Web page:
Studying God’s Word

Isaiah 6:1-2a, 3-8
1 Corinthians 15:1-11
Luke 5:1-11 [75C]
In the Gospel reading for the Fifth Sunday in Ordinary Time, we hear Luke’s account of the call of the first disciples. Unlike the other Evangelists, Luke places a spotlight on the call of Simon Peter in this call narrative. As the author of the Gospel of Luke and the Acts of the Apostles (Luke–Acts), Luke is not just telling the story of Jesus, he is also telling the story of the early church. Since Peter is a central figure in both the life of Jesus and the life of the early church, Luke viewed the call of the disciples as a prime opportunity to introduce and highlight Peter.  
Luke knew Mark’s version of the call of the disciples (see Mk 1:16-20). It was a rather matter-of-fact report of Jesus calling the set of brother fishermen, Peter and Andrew, James and John, to follow him. Mark offers few additional details beyond all four responding positively to Jesus’ invitation. In Luke’s retelling of the call, Andrew is not mentioned at all, James and John play a very minor role, a miraculous catch of fish is added, and the interaction between Jesus and Simon Peter is the main focus. Luke portrays Peter as a humble and trusting man, well aware of his own limitations. In the various ways in which he redacts Mark’s call narrative, Luke actually transforms the “call” of Simon Peter into a “commission” narrative. Jesus not only invites Peter to follow him, he commissions Peter—“From now on you will be catching men.” Indeed, throughout Luke–Acts, and especially in Acts, Peter emerges as the lead apostle in the early church “catching men” to follow Christ. Luke reports that Peter was bringing in literally “thousands” of believers into the Church (see, for example, Acts 2:41).
Writing about twenty years after the martyrdom of Peter around the year AD 85, Luke bore witness to a growing church rooted in Jerusalem and expanding all the way west to Rome. The miraculous catch of fish associated with the call and commission of Simon Peter in today’s reading served as a metaphor for the impact that Peter would have as an apostle of Christ and as an evangelizer for the good news—as Peter ventured “into deep water” he caught such “a great number of fish” that “their nets were tearing.”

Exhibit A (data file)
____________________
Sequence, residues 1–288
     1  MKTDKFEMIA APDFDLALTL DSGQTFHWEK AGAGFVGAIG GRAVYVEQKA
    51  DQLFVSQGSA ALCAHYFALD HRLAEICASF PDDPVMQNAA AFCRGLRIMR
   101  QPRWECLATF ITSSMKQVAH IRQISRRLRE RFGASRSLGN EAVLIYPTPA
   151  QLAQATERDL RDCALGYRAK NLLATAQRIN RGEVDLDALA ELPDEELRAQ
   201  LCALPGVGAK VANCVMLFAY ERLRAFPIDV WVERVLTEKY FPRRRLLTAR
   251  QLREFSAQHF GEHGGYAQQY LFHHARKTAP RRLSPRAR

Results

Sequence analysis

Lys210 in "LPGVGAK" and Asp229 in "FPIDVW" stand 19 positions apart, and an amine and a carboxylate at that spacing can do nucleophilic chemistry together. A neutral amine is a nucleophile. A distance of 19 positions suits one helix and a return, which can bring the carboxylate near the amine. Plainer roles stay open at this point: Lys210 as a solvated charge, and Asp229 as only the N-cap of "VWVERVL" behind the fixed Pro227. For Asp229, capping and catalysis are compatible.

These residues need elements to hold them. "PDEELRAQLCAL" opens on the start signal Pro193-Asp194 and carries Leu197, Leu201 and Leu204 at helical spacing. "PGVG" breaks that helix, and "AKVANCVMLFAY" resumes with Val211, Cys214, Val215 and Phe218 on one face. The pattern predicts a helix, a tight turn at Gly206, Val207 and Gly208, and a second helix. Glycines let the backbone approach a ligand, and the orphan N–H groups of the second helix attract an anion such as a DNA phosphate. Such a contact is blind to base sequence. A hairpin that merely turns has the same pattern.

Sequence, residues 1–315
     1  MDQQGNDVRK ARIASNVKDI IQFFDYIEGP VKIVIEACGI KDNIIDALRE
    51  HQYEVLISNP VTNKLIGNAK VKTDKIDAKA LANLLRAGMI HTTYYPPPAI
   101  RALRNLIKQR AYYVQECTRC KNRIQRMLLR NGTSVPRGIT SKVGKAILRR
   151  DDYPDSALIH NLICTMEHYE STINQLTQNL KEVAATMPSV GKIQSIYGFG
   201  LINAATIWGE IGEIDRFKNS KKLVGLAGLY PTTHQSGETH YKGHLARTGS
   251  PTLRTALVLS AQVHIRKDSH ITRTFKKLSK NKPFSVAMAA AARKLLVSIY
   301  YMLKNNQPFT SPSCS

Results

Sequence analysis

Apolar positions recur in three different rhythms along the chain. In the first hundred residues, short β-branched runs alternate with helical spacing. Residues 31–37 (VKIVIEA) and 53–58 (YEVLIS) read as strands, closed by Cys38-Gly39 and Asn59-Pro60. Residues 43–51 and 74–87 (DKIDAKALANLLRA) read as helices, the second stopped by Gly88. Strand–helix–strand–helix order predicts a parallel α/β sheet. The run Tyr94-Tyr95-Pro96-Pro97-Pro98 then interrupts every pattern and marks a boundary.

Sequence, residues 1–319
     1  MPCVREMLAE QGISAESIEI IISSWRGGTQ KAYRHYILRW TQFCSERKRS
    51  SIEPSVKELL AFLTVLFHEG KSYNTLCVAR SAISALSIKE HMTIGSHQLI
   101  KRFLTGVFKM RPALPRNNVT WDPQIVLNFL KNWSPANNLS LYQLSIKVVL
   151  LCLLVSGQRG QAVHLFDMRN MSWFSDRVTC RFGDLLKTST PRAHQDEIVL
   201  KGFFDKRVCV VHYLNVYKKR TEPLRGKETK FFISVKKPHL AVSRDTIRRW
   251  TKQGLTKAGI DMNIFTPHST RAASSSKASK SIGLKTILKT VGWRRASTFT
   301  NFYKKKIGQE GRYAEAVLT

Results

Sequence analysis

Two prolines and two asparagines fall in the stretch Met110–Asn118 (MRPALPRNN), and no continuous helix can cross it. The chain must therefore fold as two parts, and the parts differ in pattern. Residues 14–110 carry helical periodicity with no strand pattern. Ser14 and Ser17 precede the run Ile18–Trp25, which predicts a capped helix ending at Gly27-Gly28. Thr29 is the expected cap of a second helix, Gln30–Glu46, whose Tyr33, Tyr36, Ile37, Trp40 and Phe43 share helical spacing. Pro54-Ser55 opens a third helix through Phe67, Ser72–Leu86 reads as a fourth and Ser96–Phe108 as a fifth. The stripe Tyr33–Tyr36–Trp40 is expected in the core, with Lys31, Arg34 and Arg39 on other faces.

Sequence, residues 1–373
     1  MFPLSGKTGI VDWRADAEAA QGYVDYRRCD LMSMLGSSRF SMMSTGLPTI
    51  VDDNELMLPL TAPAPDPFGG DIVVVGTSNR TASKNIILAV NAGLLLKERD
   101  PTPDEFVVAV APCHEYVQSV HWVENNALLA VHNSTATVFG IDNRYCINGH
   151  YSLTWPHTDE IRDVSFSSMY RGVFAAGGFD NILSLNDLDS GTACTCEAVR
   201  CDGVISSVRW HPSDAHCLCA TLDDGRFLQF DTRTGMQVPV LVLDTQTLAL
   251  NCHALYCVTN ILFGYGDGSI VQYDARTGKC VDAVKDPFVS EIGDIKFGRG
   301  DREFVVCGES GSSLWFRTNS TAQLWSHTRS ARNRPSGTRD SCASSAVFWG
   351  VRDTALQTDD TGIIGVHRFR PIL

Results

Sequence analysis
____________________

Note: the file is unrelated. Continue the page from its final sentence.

In his First Letter to the Corinthians, Paul preserves a “received” tradition about the Resurrection appearances of Christ. Dated to the spring of AD 55, First Corinthians offers us the earliest attestation of witnesses to Jesus’ resurrection. First among those listed as witnesses to the resurrected Christ is Cephas (Peter). (“Cephas” is the Aramaic name for Peter and it translates literally as “a rock.” Aramaic was the native language of Jesus and Peter.) Since First Corinthians was written only about twenty years after the death and resurrection of Jesus, it is reasonable to conclude that from the very beginning, Peter was recognized as having a prominent place in Jesus’ life and in the life of the early church.
The first reading recounts the call of the prophet Isaiah. The call of Isaiah is dated to the year 742 BC, the year in which historians date the death of King Uzziah. Isaiah reports a view of the unseen order as part of his call, as well as his own fear and anxiety and shortcomings. Like Peter, Isaiah reacts to the call with humility and eagerness. In this way, all Christians see in Peter and Isaiah a model response to the call of Christ.
Dr. Daniel J. Scholz